DRP and BCP information
August 20, 2010
What is the difference between a DRP and a BCP?
Often disaster recover plan (DRP) and business continuity plan (BCP) aren’t the plan but some time both terms are used in place of each other. There are distinct differences in the two, disaster recover plan incorporates information assets and services after disasters such as floods, fires or any other catastrophic events as well as hardware failure. On the other hand business continuity plan encompasses a much wider responsibility than DRP, BCP plans recovery for the entire business or organization in the event of a major disaster, included in business continuity plan is communication between employees, work facilities, telephone services and business operations as well as restoring the business to normality before the disaster. What is the purpose of a Disaster Recovery Plan (DRP)?
The purpose of a disaster recovery plan is to allow a company to resort back to normal operation in a short length of time with the highest level of efficiency. The main objective of disaster recovery plan is get operations up and running the quickest amount of time. What are the key elements of a DRP?
Within in a disaster recovery process there are strenuous rules and procedures that must be followed to guarantee that normal business function will continue to operate. In the event failure does occur to the network or resources, there are several key elements to include in a disaster recovery plan. • Establish a planning group
• Perform risk assessment and audits
• Establish priorities for applications and networks
• Develop recovery strategies
• Prepare inventory and documentation of the plan
• Develop verification criteria and procedures
• Implement the plan
By implementing these key elements could assure a company effective recovery from any business disaster that may occur. What are the five methods of testing a DRP?
Without a doubt, checklists are the recovery practitioner’s most valuable tools. They are inexpensive to implement and maintain and provide the backbone of the testing cycle. The checklists are team oriented and if used to their full potential provide multiple benefits.
Walk Through Testing:
Team members verbally "walk through" the specific steps as documented in the plan to confirm effectiveness, identify gaps, bottlenecks or other weaknesses in the plan. Often used in conjunction with previously validated checklist plans. This test provides the opportunity review a plan with a larger subset of people allowing you to draw upon a correspondingly increased pool of knowledge and experiences. Staff will be familiarized with procedures, equipment and offsite facilities if required.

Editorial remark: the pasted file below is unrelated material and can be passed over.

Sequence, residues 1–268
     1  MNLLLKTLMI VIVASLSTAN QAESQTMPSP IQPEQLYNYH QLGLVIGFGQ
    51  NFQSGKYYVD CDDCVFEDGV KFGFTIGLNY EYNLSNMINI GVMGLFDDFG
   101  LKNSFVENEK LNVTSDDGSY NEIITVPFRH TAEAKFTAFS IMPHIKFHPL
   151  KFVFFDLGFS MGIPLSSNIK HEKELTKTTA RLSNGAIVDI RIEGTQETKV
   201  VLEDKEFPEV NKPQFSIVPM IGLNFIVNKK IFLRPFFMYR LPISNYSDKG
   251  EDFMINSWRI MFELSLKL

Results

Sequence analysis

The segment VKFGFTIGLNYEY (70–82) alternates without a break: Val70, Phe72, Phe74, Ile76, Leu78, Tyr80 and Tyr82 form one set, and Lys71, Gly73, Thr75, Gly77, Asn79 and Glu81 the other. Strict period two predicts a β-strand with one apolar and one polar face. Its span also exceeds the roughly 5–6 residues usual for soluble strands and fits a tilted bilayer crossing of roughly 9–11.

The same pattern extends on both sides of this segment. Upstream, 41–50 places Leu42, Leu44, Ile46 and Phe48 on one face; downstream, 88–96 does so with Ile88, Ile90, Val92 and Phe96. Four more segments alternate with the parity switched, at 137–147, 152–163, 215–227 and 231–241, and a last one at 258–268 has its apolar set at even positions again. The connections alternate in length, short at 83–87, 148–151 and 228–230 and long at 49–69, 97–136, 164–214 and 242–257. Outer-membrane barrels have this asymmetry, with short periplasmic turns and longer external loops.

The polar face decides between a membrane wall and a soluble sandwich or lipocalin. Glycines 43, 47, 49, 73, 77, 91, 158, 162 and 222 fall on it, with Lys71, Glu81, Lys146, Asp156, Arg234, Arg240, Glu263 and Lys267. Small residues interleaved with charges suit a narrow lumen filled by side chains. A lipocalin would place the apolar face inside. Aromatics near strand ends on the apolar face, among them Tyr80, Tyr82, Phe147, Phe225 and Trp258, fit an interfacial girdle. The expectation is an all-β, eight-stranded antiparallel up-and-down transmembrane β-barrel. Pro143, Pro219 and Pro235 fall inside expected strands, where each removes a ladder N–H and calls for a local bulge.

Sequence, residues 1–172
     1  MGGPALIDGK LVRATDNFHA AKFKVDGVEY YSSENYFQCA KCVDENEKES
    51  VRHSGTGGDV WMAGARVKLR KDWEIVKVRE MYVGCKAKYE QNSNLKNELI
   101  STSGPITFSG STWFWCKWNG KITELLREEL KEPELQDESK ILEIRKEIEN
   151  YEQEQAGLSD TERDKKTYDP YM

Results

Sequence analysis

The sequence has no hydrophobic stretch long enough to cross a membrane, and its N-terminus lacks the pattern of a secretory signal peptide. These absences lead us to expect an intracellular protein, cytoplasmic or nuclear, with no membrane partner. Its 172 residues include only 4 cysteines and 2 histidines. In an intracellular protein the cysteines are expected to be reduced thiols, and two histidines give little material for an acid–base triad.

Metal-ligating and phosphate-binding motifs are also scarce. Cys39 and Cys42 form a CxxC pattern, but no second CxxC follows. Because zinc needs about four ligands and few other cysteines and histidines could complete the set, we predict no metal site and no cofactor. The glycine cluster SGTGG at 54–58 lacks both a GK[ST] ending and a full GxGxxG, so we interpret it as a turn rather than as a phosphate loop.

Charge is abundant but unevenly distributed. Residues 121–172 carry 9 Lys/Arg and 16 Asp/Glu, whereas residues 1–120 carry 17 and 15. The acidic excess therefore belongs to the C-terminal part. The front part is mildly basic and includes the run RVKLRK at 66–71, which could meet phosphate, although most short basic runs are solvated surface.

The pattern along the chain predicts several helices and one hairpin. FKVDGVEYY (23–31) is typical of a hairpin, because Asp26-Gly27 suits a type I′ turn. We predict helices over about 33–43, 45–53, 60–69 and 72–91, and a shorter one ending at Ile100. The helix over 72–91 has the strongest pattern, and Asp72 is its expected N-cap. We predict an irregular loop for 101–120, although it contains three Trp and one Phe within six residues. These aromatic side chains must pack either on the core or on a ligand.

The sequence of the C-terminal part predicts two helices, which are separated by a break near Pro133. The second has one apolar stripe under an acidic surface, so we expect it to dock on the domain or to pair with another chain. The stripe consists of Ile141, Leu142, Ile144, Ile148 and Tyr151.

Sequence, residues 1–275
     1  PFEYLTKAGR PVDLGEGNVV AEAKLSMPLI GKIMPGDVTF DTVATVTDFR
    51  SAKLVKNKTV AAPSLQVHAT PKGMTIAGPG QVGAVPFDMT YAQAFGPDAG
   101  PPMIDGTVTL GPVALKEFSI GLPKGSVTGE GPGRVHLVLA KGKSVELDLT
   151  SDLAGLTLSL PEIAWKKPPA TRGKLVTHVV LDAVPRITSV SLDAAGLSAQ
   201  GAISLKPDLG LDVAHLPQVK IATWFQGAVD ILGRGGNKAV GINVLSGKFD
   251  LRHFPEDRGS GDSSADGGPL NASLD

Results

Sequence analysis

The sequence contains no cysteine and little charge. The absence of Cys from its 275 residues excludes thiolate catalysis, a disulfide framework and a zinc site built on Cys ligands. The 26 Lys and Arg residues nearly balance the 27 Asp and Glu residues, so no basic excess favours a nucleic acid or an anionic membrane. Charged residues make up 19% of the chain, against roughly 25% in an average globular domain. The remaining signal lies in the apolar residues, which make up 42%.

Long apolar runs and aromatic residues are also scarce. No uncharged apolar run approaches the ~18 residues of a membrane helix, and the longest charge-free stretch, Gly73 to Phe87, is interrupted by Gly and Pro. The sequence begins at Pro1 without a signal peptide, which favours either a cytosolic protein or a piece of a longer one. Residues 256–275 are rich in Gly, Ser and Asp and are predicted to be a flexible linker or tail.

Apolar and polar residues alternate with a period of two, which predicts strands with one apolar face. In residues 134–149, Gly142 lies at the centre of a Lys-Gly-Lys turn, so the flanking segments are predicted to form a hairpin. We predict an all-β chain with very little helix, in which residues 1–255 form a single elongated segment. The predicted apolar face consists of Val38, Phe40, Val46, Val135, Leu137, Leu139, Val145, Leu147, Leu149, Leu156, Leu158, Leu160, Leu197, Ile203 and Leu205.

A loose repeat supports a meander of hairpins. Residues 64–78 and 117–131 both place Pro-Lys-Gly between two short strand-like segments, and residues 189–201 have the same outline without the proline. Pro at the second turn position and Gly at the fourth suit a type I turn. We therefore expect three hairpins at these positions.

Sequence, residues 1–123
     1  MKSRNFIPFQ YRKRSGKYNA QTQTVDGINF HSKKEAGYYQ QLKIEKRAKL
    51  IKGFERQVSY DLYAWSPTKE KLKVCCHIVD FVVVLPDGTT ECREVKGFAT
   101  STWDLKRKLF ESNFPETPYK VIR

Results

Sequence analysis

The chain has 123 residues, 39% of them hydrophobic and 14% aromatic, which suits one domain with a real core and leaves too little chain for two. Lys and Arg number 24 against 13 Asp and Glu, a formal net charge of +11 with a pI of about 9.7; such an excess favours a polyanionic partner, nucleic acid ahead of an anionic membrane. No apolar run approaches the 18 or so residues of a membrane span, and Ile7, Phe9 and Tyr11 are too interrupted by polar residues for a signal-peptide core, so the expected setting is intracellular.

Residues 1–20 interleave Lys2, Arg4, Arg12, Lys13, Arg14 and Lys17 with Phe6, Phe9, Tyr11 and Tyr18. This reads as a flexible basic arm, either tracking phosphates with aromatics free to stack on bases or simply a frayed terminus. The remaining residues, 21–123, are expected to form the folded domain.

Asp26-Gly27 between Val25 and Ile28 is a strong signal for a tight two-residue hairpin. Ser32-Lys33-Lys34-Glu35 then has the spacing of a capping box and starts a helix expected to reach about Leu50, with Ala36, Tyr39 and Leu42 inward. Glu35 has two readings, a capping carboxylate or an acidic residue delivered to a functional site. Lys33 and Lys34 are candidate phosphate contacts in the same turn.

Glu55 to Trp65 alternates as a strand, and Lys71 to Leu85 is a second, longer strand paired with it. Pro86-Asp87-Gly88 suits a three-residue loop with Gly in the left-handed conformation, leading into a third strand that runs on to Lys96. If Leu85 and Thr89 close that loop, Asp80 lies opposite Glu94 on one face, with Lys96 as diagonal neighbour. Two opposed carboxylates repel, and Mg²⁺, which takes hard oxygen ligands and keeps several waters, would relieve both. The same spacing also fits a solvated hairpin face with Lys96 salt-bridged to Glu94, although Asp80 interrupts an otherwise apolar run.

A disaster is simulated so normal operations will not be interrupted. Hardware, software, personnel, communications, procedures, supplies and forms, documentation, transportation, utilities, and alternate site processing should be thoroughly tested in a simulation test. Extensive travel, moving equipment, and eliminating voice or data communications may not be practical or economically feasible during a simulated test. However, validated checklists can provide a reasonable level of assurance for many of these scenarios.
The simulation test should be considered advanced and only implemented after the previous checklist and walk through tests have been validated. Analyze the output of the previous tests carefully before the proposed simulation to ensure the lessons learned during the previous phases of the cycle have been applied. Parallel testing:
A parallel test can be performed in conjunction with the checklist test or simulation test. Under this scenario, historical transactions such as the prior business day’s transactions are processed against preceding day’s backup files at the contingency processing site or hot site. All reports produced at the alternate site...
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